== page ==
WASHINGTON, DC - A day after testifying before the House subcommittees, Former Equifax CEO Richard Smith received another grilling on Capitol Hill, this time from Minnesota Senators Amy Klobuchar and Al Franken.
Smith was questioned Wednesday by a Senate Banking committee and a Senate Judiciary subcommittee about the recent data breach affecting 145 million Americans.
Questioned fmr CEO of Equifax today on their major data breach. Must get to the bottom of this and stop it from happening again.— Amy Klobuchar (@amyklobuchar) October 4, 2017
“Mr. Smith, I know you’re about to tell us how sorry you are, and I’m sure you’ve had a lot of sleepless nights in recent months. But as a business that has consistently operated with little to no regard for the well-being of American consumers, I’m wondering whether you—and the rest of Equifax’s leadership—foresaw the gravity of a breach and failed to take the proper precautions because you simply don’t care," said Franken.
"And because you don’t have to care. Equifax won’t be losing any business as a result of its failures. American consumers are not able to walk away and take their business—or their personal information—elsewhere. And that’s because those consumers aren’t actually your customers; they are your product. And you’ve been treating them as such for years,” he added.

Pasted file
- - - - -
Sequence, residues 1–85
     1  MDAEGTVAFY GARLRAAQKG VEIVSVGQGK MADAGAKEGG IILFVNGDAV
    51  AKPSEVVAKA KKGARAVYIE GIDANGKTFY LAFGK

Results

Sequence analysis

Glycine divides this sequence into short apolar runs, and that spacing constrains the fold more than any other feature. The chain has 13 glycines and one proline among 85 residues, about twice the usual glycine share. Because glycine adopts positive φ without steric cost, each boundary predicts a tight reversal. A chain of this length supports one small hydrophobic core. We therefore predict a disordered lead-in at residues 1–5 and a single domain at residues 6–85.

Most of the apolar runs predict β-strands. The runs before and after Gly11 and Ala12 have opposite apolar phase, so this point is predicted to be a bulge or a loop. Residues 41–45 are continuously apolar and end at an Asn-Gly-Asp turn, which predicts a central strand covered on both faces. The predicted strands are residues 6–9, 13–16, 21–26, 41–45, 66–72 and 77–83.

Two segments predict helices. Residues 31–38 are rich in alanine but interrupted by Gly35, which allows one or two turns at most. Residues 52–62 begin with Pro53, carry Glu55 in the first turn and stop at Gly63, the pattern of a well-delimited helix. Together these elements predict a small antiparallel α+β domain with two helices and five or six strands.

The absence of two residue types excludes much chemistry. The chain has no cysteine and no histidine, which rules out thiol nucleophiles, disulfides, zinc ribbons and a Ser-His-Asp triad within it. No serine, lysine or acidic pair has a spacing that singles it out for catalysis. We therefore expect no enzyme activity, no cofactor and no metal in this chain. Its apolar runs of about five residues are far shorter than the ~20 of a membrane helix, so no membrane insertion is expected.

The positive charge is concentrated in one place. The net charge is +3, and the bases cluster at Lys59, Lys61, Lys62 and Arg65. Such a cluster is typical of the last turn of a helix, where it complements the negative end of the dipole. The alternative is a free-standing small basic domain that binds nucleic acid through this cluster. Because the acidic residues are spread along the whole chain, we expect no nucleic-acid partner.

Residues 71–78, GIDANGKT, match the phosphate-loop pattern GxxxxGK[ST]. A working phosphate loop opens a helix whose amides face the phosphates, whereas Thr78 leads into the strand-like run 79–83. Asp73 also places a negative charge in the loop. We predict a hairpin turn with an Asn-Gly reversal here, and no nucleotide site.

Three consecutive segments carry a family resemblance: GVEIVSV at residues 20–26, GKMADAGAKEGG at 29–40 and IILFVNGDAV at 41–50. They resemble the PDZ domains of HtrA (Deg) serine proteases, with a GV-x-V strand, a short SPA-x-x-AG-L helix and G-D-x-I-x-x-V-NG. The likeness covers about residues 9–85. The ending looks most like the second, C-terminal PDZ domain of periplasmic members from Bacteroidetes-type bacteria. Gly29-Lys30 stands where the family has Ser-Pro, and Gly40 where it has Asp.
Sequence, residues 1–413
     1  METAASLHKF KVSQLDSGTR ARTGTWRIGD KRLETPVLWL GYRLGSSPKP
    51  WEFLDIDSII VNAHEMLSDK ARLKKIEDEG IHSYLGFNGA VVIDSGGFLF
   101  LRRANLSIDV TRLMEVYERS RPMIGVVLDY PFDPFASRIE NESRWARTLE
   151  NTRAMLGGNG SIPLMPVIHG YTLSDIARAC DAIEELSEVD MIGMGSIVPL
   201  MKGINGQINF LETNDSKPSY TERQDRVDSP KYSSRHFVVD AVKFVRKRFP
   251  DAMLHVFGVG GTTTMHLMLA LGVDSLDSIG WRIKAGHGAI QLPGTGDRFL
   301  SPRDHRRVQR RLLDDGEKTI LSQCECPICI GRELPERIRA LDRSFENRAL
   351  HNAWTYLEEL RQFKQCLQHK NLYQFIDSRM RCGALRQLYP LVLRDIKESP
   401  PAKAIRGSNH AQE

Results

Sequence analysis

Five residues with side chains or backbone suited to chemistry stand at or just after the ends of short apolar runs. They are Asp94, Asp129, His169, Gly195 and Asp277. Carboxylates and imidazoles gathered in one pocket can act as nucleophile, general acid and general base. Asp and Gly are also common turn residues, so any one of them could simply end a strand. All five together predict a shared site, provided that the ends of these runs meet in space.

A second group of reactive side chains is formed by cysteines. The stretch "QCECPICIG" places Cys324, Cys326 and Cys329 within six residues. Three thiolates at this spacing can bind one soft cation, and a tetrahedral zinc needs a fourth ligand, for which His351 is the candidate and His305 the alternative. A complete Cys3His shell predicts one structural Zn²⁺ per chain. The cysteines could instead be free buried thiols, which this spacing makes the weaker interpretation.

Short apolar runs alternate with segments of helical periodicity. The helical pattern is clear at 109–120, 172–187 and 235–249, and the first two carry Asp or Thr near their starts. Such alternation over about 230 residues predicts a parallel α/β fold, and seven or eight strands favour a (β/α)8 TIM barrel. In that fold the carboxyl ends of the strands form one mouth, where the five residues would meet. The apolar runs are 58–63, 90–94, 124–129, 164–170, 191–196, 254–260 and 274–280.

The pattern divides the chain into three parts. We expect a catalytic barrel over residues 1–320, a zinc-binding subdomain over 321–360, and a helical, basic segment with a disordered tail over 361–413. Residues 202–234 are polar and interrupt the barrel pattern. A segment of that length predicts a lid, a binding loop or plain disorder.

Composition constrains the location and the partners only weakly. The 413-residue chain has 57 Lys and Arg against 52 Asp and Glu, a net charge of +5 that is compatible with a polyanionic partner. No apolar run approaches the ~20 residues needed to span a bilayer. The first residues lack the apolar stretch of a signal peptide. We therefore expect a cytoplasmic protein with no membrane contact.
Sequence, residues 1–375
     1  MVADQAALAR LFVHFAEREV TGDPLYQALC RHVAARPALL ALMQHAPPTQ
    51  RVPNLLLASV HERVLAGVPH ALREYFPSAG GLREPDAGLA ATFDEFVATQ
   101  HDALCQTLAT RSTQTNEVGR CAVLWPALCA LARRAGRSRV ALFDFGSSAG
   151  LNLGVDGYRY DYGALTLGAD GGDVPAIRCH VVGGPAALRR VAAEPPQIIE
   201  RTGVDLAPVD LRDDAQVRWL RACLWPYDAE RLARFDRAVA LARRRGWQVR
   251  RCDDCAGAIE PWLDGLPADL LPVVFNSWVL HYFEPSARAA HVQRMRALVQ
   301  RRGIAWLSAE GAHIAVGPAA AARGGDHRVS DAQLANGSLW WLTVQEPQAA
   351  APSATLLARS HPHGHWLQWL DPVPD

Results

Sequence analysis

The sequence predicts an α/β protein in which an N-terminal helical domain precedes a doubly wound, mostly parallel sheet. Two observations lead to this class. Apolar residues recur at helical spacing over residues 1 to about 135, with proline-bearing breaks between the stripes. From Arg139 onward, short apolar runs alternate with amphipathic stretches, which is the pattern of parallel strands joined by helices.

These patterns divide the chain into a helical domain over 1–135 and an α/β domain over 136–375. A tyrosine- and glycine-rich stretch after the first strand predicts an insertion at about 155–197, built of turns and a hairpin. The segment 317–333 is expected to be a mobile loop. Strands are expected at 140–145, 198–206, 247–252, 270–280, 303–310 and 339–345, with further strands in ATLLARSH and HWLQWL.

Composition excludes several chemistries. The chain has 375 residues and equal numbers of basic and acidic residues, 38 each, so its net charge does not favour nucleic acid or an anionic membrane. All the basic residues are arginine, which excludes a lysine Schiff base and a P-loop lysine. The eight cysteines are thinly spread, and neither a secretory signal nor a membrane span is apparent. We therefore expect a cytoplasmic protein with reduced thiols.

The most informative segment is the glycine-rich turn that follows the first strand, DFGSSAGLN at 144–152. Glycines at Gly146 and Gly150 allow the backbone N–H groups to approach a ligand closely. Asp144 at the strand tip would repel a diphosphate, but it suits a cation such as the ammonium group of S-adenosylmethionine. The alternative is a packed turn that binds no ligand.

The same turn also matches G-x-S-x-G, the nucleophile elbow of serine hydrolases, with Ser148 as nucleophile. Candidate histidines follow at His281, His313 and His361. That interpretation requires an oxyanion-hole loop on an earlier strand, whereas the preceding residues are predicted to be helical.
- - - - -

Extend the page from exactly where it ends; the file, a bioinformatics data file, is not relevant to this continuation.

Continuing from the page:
Smith admitted that the company had sent a warning to security staffers in March about a known flaw in software it used. Smith said the person on the Equifax computer security team who was responsible for patching the vulnerability didn't.
A week later, the company's information security department ran scans that should have found any systems still running the vulnerable software.
Those scans didn't catch it either. Had they, it may have been different. The hackers who broke into Equifax appear to have first accessed sensitive information two days before those scans took place.
Instead of being discovered, the hackers were able to plunder information of 45% of all Americans until they were finally found 11 weeks later.
"What do you think other companies can learn .. from both on prevention and your response?" Klobuchar asked.
"The rate of change and sophistication of cyber attacks is unbelievable. It was not unusual for us to identify and block millions of attempted suspicious attacks every year. So, challenge yourself creatively and never take security for granted. (On response) I'm not sure what more we could've done," Smith added.